Saturday, July 19, 2014

Hashimoto's Thyroid and the Autoimmune Protocol Elimination Diet: What is AIP?

As I mentioned in my update post a week ago, I was recently diagnosed with Hashimoto's Thyroiditis. I was kind of relieved when I got that diagnosis, because I've had symptoms of thyroid disease for a long time, but all my TSH blood tests were coming back normal. My regular doctor ordered the TSH every year: in 2012 it was 2.13, in 2013 it was 2.03, and this year it was 2.12 (standard range is 0.45 to 5.10). But some blog readers have, in the past, tipped me off in the comments by telling me there were more detailed, accurate thyroid function tests and that many people who have thyroid disease have a normal TSH. That turned out to be true for me as well. When I finally was referred to an endocrinologist, he looked at my symptoms:

thinning hair
difficulty losing weight/weight gain
chronic fatigue
"brain fog"
dry skin
and the biggest symptom for me, cold intolerance (I spent this winter in heavy sweaters with the heat turned up to 80 degrees and was STILL cold all the time... this was new).

He ran 4 or 5 tests, and then called and told me I had Hashimoto's. Apparently with this autoimmune disease, the body develops antibodies and starts attacking the thyroid tissue. This shows up in the thyroid peroxidase antibodies blood test; I did have the antibodies, and they are quite elevated. He also told me that once you have one autoimmune disease, you are at higher risk of developing another one, like lupus or rheumatoid arthritis, because the body has learned to attack itself and this cannot be cured. I also tested positive for HLA-B27, which "suggests a greater-than-average risk for developing or having certain autoimmune disorders. An autoimmune disorder is a condition that occurs when the immune system mistakenly attacks and destroys healthy body tissue." (source link).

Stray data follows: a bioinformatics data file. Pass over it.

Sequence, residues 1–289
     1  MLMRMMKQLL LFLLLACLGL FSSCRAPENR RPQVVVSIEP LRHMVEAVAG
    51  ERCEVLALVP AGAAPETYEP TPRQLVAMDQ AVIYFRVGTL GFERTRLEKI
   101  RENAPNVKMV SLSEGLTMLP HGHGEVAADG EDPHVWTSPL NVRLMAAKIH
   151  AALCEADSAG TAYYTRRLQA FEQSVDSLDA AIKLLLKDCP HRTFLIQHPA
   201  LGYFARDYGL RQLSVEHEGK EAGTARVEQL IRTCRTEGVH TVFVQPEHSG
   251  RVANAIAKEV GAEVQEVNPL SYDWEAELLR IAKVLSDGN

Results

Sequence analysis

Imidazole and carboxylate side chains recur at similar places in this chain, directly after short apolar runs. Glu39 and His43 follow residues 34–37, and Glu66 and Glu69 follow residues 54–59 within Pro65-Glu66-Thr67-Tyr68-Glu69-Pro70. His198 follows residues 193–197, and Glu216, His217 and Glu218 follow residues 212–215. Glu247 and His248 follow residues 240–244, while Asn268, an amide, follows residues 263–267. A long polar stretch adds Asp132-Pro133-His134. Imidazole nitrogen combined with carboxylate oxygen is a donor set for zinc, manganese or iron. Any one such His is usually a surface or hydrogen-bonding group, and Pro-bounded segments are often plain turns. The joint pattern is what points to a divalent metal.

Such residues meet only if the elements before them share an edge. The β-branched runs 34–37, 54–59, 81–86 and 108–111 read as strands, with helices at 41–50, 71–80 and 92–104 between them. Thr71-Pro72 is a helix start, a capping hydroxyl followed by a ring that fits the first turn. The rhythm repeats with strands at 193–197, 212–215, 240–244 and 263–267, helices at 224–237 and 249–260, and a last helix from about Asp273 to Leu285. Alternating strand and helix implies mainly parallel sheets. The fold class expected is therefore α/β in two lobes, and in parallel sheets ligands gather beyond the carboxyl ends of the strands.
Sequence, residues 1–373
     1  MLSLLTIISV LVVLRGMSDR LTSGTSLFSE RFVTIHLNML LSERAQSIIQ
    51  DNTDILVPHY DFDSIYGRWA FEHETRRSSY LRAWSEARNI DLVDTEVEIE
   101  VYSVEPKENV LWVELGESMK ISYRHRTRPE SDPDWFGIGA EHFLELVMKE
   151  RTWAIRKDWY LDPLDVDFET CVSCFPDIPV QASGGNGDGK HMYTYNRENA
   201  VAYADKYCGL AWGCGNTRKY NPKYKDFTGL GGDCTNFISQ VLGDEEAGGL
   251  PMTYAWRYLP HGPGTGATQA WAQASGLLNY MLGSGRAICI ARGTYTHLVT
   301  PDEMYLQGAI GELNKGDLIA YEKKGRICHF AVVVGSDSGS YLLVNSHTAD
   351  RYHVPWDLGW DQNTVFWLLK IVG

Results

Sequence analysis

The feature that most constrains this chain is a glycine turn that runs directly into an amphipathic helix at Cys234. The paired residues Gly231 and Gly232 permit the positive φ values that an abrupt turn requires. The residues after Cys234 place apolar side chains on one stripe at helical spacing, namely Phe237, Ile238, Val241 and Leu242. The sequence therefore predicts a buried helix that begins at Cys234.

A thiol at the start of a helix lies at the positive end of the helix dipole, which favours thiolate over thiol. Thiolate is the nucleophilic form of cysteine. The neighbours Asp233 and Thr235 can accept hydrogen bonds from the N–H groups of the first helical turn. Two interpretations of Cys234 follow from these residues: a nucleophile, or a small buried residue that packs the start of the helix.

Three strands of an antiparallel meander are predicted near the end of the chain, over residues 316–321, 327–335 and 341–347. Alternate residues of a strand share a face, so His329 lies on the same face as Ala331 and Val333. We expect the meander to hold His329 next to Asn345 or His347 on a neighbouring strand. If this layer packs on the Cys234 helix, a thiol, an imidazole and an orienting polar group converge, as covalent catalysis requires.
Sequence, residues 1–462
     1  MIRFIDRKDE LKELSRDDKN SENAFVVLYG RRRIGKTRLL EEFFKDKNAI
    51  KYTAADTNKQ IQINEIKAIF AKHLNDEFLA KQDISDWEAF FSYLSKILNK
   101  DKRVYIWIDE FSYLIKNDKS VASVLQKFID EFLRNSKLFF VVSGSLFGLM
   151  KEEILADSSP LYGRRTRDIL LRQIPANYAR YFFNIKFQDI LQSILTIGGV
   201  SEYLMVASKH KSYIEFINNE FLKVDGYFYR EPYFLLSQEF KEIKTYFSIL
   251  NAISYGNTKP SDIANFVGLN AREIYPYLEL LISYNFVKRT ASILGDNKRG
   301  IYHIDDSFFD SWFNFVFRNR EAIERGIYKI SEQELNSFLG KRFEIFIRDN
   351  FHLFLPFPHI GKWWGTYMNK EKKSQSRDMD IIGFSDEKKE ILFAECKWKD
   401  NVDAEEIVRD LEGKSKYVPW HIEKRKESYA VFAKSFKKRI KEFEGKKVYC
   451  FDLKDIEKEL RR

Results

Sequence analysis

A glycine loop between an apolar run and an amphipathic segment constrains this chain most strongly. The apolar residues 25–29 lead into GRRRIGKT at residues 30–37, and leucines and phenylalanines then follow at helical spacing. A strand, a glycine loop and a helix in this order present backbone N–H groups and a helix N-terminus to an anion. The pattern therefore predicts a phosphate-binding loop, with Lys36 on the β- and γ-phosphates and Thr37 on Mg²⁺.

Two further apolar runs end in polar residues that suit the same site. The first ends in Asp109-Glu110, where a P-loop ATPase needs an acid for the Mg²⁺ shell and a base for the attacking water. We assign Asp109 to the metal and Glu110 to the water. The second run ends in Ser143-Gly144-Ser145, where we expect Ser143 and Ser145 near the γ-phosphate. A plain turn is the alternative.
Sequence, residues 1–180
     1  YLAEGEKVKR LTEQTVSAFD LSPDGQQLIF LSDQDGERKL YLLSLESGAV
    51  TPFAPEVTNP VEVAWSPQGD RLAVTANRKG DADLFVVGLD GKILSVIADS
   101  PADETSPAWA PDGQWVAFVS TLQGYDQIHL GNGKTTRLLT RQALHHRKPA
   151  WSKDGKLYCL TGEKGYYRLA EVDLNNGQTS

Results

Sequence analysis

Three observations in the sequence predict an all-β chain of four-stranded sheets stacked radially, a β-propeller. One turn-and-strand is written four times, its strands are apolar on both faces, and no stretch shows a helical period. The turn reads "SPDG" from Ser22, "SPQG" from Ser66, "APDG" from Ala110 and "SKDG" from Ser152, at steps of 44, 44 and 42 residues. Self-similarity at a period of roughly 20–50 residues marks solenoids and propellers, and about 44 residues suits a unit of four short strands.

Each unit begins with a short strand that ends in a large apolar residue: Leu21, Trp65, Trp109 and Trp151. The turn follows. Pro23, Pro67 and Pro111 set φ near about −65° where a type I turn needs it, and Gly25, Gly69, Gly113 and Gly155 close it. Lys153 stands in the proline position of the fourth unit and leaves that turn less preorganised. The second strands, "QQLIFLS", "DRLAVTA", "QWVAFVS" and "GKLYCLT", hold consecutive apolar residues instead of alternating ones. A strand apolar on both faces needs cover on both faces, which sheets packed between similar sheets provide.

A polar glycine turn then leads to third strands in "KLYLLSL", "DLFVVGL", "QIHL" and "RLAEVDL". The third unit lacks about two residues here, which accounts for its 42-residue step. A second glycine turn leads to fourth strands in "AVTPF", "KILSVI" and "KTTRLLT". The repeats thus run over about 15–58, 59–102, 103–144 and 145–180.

Before we even had the results of the blood tests, the endocrinologist recommended an elimination diet (and I cringed. I have been very resistant to the idea of such a thing, like the Whole 30, because it is so restrictive and I thought I'd go off the rails). But this was different. This was no longer about weight loss. This was a recommendation for my health, because of all the symptoms I've been having. He wanted me to eliminate all traces of gluten and dairy, and possibly some other foods. Apparently the protein in gluten is very similar to the structure of thyroid tissue, so if your body is gluten intolerant and you eat gluten, your body may also start attacking your thyroid. You can read more about that here: The Gluten-Thyroid Connection.

So after the tests came back positive, I called and talked to a thyroid specialist about elimination diets and he explained the most problematic foods that may cause inflammation, such as nightshades, eggs, nuts, and processed foods. He also discussed with me the role of environmental toxins and stress in autoimmune disease (discussed more here). I bought two books to help me understand the whys and hows of these changes :Hashimoto's Thyroiditis: Lifestyle Interventions for Finding and Treating the Root Cause, and The Paleo Approach: Reverse Autoimmune Disease and Heal Your Body. Both are really great books full of information, if you want to learn more about these issues.

After making a list of all the things I was told to eliminate, I started doing some research online. That's when I found that this type of elimination diet for autoimmune diseases is called the "Autoimmune Protocol" or the "Autoimmune Paleo Protocol" (because it is like Paleo on steroids). There are lots of sites dedicated to following this protocol for people who have various autoimmune diseases; here are a few that explain the details: The Autoimmune Protocol, Paleo Approaches to Autoimmune Disease, and Changing Your Diet is the First Step in Addressing Hashimoto's. But basically, I am not allowed to eat anything. Kidding... sort of.

Here's a summary of stuff I have to eliminate. First, all gluten has to go, and probably forever because of the thyroid connection. Also no grains whatsoever... no rice, barley, wheat, oats, corn, etc. You can't have any legumes, so no beans, lentils, peas, peanuts, or soy products. As the endocrinologist stated, dairy is another one that might have to be be gone forever... including milk, cheese, butter, cream and all other dairy products. No refined sugar, no processed food chemicals, no artificial colors or flavors or sweeteners (including stevia) and no modern vegetable oils (canola, corn oil, etc). I think at this point you'd be considered Paleo, right?